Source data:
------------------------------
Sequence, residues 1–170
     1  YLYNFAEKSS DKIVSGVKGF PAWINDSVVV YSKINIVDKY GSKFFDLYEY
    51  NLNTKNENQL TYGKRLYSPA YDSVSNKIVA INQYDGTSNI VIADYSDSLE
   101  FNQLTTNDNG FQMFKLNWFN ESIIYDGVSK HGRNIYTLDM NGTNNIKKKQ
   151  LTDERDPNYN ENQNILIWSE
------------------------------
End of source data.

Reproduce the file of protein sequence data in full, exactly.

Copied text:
Sequence, residues 1–170
     1  YLYNFAEKSS DKIVSGVKGF PAWINDSVVV YSKINIVDKY GSKFFDLYEY
    51  NLNTKNENQL TYGKRLYSPA YDSVSNKIVA INQYDGTSNI VIADYSDSLE
   101  FNQLTTNDNG FQMFKLNWFN ESIIYDGVSK HGRNIYTLDM NGTNNIKKKQ
   151  LTDERDPNYN ENQNILIWSE